Story: Aerial recreation

Page 2. Flying powered aircraft

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Beginnings

The advent of powered flight in the early 20th century was greeted with excitement by many New Zealanders. Enthusiasts set about building aircraft – sometimes from their own design, but also from imported plans. Experimental flights followed, clubs were formed, and would-be pilots learned to fly at the New Zealand Flying School in Auckland and the Canterbury (NZ) Aviation Company in Christchurch during and after the First World War.

The aero club movement

Regional aero clubs were founded from the late 1920s, and in 1930 they were affiliated through the New Zealand Aero Club, later known as the Royal New Zealand Aero Club. The clubs purchased training aircraft, established aerodromes and taught men, and a few women, to fly. From the 1930s they received government funding to train pilots for the Royal New Zealand Air Force. Many of these men flew with distinction during the Second World War.

A wartime ban on private flying was lifted in 1946, but many of the aero clubs struggled to cover costs. Between 1955 and 1962 they received government subsidies, which enabled them to recover financially and purchase new aircraft. Despite economic downturns, fuel shortages, and changes in aviation regulation during the 1970s and 1980s, most aero clubs have survived and are flourishing.

The Royal New Zealand Aero Club

The Royal New Zealand Aero Club (RNZAC) represents New Zealand at the Fédération Aéronautique Internationale (FAI), the world organisation for promoting non-commercial aviation and air sports; it also administers FAI awards in New Zealand. In addition to networking and lobbying, the RNZAC operates a pilot proficiency scheme and competitions for flight skills such as navigation, landing, aerobatics and formation flying.

Learning to fly

Training pilots is still a key role of aero clubs, although there are also private air schools. After the exhilarating first solo flight, learners work towards the private pilot’s licence and ratings for various types of flying, including night flying, formation flying and aerobatics. Some may go on to obtain a commercial pilot’s licence or instructor ratings, but for many, flying remains purely recreational.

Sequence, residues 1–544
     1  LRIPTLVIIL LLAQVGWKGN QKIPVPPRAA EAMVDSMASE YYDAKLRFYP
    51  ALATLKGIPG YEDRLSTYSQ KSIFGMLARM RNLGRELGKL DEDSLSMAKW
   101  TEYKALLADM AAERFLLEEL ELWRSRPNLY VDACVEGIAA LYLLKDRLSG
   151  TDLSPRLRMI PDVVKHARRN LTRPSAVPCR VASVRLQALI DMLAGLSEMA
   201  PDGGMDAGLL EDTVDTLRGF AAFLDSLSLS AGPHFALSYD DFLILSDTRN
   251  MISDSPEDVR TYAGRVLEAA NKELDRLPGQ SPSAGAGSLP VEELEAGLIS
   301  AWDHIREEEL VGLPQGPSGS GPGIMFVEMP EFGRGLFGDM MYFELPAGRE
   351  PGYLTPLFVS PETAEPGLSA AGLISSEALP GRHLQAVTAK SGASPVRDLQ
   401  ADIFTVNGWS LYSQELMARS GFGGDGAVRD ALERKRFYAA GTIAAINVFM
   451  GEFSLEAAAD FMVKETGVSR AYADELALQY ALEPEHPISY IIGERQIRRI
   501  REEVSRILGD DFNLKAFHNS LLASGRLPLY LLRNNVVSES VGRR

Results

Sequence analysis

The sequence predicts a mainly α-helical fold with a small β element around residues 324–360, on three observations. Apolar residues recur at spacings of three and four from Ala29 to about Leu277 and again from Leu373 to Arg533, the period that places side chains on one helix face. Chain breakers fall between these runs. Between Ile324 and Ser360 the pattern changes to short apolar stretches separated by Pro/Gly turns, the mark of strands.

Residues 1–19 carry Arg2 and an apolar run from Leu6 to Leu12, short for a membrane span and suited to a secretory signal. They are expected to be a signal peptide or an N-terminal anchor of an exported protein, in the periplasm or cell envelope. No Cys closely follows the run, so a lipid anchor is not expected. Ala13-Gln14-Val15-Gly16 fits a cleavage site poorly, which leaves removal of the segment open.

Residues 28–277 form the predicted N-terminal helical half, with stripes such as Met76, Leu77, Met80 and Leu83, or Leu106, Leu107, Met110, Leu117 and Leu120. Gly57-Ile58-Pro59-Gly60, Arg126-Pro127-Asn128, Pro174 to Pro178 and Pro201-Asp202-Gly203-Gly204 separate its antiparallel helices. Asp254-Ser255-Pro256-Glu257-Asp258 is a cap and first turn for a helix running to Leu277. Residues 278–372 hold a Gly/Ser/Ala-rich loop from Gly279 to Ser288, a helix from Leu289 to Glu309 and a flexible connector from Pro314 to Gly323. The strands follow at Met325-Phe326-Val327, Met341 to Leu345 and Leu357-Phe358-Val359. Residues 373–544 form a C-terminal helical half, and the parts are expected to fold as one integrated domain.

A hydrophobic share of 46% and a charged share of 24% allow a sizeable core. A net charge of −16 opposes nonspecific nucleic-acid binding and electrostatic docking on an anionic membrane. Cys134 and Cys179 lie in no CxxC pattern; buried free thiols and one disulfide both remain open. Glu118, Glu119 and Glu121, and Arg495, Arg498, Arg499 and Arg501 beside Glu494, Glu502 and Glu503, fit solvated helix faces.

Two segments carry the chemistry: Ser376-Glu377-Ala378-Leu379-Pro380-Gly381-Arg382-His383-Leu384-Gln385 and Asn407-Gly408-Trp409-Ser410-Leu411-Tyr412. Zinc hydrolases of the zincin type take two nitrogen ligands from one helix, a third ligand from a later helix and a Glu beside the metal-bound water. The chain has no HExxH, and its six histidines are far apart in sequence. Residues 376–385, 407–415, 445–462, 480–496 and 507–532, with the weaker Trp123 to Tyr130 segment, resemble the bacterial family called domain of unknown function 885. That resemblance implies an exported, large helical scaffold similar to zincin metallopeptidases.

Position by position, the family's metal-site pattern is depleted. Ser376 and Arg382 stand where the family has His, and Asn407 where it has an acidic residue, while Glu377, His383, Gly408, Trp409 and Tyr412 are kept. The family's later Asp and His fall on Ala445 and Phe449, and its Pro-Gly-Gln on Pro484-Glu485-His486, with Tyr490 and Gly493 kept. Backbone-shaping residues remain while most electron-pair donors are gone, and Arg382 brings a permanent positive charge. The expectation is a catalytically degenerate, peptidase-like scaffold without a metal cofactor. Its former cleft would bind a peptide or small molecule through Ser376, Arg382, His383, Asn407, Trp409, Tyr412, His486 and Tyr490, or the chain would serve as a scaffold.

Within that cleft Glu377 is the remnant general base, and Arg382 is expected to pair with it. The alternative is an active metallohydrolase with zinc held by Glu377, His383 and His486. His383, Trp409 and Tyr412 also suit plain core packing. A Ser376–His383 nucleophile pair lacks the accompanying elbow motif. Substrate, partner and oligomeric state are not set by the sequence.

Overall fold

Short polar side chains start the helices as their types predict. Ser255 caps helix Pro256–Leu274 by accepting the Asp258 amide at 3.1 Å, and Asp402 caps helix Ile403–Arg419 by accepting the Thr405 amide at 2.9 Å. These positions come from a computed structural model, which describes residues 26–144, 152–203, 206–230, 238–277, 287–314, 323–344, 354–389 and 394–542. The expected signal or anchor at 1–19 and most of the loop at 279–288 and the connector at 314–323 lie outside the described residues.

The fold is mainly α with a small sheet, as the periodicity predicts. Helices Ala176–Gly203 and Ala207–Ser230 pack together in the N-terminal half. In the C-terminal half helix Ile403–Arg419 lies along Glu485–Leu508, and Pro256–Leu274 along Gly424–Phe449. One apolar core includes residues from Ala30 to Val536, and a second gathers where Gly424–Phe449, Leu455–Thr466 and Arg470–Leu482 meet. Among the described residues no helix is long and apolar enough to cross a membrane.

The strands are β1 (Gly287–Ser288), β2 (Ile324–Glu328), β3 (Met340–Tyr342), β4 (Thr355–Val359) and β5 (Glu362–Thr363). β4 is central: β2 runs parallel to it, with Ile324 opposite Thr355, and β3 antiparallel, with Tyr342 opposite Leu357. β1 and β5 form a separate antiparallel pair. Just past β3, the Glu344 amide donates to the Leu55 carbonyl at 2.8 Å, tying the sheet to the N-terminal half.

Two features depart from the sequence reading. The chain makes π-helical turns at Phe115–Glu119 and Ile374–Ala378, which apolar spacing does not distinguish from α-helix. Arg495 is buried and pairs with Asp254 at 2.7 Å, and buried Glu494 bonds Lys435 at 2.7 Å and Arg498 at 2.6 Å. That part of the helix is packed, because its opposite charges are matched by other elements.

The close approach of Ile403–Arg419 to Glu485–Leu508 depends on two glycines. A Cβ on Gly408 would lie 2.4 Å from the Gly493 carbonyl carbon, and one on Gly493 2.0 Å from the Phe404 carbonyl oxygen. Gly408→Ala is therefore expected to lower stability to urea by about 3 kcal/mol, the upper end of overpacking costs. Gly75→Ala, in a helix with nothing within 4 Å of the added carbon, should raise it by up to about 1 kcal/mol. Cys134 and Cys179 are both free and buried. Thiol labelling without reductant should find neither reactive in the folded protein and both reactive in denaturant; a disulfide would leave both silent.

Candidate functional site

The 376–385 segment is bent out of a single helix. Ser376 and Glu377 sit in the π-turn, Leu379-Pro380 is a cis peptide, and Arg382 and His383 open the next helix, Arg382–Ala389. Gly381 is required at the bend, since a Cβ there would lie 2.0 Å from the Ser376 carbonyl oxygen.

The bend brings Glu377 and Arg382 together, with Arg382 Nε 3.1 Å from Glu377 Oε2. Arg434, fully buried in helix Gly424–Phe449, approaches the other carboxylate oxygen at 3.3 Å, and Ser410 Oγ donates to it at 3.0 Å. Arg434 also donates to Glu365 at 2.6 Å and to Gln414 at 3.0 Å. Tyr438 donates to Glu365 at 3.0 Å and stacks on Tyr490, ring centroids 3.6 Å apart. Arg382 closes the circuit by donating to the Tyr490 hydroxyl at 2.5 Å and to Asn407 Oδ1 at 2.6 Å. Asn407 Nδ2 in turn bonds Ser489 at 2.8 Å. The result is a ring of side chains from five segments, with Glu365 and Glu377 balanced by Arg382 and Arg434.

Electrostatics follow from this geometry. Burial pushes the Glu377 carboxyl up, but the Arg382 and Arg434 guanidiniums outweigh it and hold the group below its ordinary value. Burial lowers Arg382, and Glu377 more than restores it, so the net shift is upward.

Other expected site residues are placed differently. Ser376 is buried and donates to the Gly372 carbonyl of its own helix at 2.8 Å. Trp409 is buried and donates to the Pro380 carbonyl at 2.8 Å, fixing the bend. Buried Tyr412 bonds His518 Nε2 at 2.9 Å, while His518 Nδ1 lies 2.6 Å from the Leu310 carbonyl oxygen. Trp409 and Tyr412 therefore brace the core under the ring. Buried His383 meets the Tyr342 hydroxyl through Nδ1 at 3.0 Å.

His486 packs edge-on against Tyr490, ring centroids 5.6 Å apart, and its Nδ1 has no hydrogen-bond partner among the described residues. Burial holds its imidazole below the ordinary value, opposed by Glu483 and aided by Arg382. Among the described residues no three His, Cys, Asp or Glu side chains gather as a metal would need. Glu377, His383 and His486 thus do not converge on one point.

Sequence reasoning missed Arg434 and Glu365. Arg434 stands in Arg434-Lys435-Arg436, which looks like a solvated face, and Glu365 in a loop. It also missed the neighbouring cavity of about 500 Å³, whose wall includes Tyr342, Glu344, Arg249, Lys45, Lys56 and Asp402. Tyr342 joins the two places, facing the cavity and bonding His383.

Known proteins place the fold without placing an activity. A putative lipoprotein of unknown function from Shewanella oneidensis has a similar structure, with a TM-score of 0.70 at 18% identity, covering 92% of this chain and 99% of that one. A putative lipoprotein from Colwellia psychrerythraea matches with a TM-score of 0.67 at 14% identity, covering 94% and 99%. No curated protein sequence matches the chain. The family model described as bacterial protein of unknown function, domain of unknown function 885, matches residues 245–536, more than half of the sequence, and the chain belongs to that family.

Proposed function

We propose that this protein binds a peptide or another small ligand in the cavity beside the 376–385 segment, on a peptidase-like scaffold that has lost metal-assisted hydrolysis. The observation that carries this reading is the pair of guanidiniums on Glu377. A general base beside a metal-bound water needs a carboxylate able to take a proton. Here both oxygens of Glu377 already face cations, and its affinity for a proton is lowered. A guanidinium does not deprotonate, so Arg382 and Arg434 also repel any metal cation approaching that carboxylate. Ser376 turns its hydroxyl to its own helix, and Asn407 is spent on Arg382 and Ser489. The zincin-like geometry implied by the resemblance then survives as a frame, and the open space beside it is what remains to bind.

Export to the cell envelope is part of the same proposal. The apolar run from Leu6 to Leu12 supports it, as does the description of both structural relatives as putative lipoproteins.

The rise of women

Although aviation tends to be male-dominated, some women trained as pilots from the 1920s, and several were members of the Air Transport Auxiliary during the Second World War. In 1960 the New Zealand Air Women’s Association (now the New Zealand Association of Women in Aviation) was formed to encourage women interested in powered flight, gliding and parachute jumping. Aviatrix Jean Batten was its patron. In 2005 the organisation had some 250 members.

Young pilots

The RNZAC operates a programme called Young Eagles, which gives young people a taste of flying, and the chance to win training scholarships. The Scout Association of New Zealand has since 1967 held the annual Walsh Memorial Scout Flying School for young people.

National aviation events

The RNZAC organises a national rally for aero-club members. In addition, an Around New Zealand Air Race has been held twice, in 1991 and 2004. The race has attracted entrants from throughout the world.

How to cite this page:

Nancy Swarbrick, 'Aerial recreation - Flying powered aircraft', Te Ara - the Encyclopedia of New Zealand, http://www.TeAra.govt.nz/en/aerial-recreation/page-2 (accessed 25 February 2018)

Story by Nancy Swarbrick, published 12 Jun 2006